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What could we learn about adding variety to the first meal of the day from Eastern Mediterranean countries?

Monitoring Desk

Make crackin’ eggs

In the UK eggs for breakfast come in many forms, but in lots of Eastern Med countries the flavour combinations are taken to another level. Çilbir (Turkish eggs) is a luxurious dish of poached eggs served with yoghurt (often garlicky) and topped with melted butter and Aleppo pepper.

Fried eggs with sucuk (sucuklu yumurta) is another breakfast favourite in Turkey. Sucuk is a spicy, fermented sausage made of beef or lamb. Simply cook slices of it around the outside of a frying pan of simmering eggs and season with dried red chilli flakes.

Greek-Cypriot cook Georgina Hayden recommends strapatsada, a tomato and egg dish commonly served with feta and pitta bread, that is found in Cyprus and Greece. This dish is similar to Turkish menemen (scrambled eggs with tomato and peppers) and Middle Eastern shakshuka, which is eggs poached in tomato sauce with vegetables.Click or tap for a strapatsada recipe

Vary what you eat for breakfast

London-based chef with Syrian and Lebanese heritage Anissa Helou celebrates the “variety that many Eastern Mediterranean countries” have at breakfast. In some countries, including Turkey, breakfast can be a feast of seasonal and local foods, including cheeses, boiled or fried eggs, meats, yoghurt, breads, honey and preserves, according to Helou. It’s quick to put together as no prep is needed – you serve them as they are with a cup of black tea or coffee. You may also find olives, tomatoes, cucumber and fruits on the table, getting you on your way to five a day.

Hayden tops her Greek-Cypriot-style French toast with whatever fruit is in season. She names it tahinopita French toast, after a sesame-based bread you can buy in Cyprus, which she uses as inspiration for the dish. Her recipe includes tahini (a sesame seed paste), honey and sesame seeds, and she tops it with Greek-style yoghurt and honey as well as strawberries. It goes just as well with figs in the summer or pears in the autumn, she says. You can use similar ingredients and fruit to make tahini pancakes.

Eat beans for breakfast

Forget baked beans, there’s a lot to learn from the Eastern Med about breakfast beans. “For many, it’s not the weekend if Friday and Saturday don’t start with the famous trio, falafelhummus and foul”, says Sawsan Abu Farha, a Palestinian food blogger who grew up in Jordan.

Ful or foul medames is fava beans (broad beans) mashed with olive oil and cumin topped with various ingredients, commonly a sauce made from tomato, lemon, garlic and parsley. Originally from Egypt, it is also eaten in other Eastern Med countries and parts of the Middle East, North Africa and Western Asia.

Chickpeas are sometimes added to ful. Hummus and falafel are also made with chickpeas and eaten for breakfast. Keep a stash of hummus in the fridge – and falafel can be cooked from frozen so with a bit of prep it can be super-quick.

Try fatteh, a popular Eastern Med breakfast or snack made from torn, toasted or fried pitta, topped with different ingredients depending on the region, but they often include warm chickpeas, a cold tangy yoghurt and pine nuts. A delicious start to the day that’s sure to keep you full until lunch.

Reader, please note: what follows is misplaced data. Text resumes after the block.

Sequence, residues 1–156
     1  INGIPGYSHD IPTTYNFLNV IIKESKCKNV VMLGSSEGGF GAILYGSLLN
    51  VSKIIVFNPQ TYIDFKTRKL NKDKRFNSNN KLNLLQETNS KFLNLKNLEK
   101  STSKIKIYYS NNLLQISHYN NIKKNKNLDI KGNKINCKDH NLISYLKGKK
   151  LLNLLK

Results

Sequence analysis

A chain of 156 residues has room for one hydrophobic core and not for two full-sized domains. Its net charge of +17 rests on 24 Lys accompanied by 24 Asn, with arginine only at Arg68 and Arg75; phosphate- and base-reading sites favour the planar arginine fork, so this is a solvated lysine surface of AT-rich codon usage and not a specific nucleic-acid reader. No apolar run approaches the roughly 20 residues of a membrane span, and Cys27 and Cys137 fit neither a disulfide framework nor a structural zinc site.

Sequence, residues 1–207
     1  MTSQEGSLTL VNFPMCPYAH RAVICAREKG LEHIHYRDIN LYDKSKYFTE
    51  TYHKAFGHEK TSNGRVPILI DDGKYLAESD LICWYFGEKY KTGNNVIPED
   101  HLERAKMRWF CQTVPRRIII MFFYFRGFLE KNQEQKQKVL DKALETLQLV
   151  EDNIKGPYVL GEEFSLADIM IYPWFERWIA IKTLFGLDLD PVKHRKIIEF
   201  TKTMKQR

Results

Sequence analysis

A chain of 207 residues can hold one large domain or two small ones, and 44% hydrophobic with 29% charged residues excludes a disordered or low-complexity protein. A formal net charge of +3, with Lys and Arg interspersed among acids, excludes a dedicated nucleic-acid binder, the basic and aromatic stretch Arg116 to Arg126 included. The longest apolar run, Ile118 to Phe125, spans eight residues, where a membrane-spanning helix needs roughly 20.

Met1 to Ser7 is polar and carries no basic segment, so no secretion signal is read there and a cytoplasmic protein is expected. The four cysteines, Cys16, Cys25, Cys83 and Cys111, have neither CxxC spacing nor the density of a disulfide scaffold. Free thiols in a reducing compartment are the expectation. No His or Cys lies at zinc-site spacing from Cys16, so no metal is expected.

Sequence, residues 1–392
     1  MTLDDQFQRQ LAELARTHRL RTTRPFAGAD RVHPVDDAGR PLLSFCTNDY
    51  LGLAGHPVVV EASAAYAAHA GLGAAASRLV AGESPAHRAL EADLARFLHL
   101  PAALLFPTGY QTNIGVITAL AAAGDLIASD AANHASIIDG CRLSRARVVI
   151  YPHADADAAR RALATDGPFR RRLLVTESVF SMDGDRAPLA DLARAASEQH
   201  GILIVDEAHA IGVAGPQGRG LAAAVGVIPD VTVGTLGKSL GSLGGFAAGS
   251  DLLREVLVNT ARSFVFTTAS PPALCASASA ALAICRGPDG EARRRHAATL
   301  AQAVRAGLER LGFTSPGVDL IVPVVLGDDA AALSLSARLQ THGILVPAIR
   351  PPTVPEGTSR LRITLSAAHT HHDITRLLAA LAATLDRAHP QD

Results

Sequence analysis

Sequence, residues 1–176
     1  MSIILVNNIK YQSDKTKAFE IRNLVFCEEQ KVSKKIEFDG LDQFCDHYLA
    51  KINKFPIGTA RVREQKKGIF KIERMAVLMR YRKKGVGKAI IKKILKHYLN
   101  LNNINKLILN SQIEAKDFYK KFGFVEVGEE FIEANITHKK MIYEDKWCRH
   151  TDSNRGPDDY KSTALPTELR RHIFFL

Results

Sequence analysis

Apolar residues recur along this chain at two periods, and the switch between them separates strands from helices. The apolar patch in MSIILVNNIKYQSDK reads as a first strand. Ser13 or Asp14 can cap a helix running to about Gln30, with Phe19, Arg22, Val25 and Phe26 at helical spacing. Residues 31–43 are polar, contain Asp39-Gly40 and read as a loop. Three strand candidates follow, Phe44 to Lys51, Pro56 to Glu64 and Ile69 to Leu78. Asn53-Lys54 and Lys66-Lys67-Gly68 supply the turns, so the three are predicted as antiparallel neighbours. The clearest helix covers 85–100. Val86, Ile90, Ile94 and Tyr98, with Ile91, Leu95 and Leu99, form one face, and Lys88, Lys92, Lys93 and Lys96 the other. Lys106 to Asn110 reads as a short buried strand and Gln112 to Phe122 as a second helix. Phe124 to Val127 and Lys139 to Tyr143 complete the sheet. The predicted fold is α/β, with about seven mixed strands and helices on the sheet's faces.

This Syrian-inspired brunch, made by the Ayoubi Family on BBC One’s Best Home Cook, includes a chickpea salad alongside falafel and hummus.Click or tap here for this Syrian-inspired brunch

Treat yourself to a late breakfast

Some scientists say skipping breakfast or having it later could benefit your gut bacteria. In parts of the Eastern Med breakfast is either missed or eaten later. In Greece and Cyprus, “many people drink coffee in the morning and head to a bakery for an elevenses snack”, says Hayden.

Whether you’re heading to the bakery or cooking at home, why stick to sweet pastries? If you like to spend time on making brunch, there are lots of savoury pastries from the Eastern Med, like the Lebanese spinach ‘pie’ fatayer and the cheese-filled Cypriot flaounes.

Sandwiches are often eaten for lunch in the UK, but in some Eastern Med countries they are eaten for breakfast or brunch. Sabich, originally from Iraq but popular in Israel according to Helou, is a fried aubergine and boiled egg sandwich made from pitta or laffa bread. It’s a regular on the Israeli street-food scene, combining hot, salty, fried aubergine and cold salad with creamy, nutty hummus and zingy crunchy pickles. Prep the ingredients ahead of time and keep them in the fridge to have sabich for breakfast.

Make the most of pittas and flatbreads

For those with time to cook or a nearby deli, breads from the Eastern Med have a lot to offer. Sesame seeds and the spice mix zaatar are scattered on maneesh bread, Palestinian taboon bread and Turkish simit bread, which is shaped like a bagel. “In Lebanon, we often make the [maneesh] topping at home, take it to the bakery, [the baker cooks the bread with the topping] and we take it back home”, says Helou.

Flatbreads such as lahmacun, a thin round of dough topped with minced seasoned lamb, pide, a boat-shaped baked filled dough, and gözleme, a flatbread with various fillings usually including spinach and cheese, are regulars at the Turkish breakfast table. Pitta is also eaten throughout the Eastern Med to scoop up dips or for stuffing with the foods on offer.

Courtesy: BBC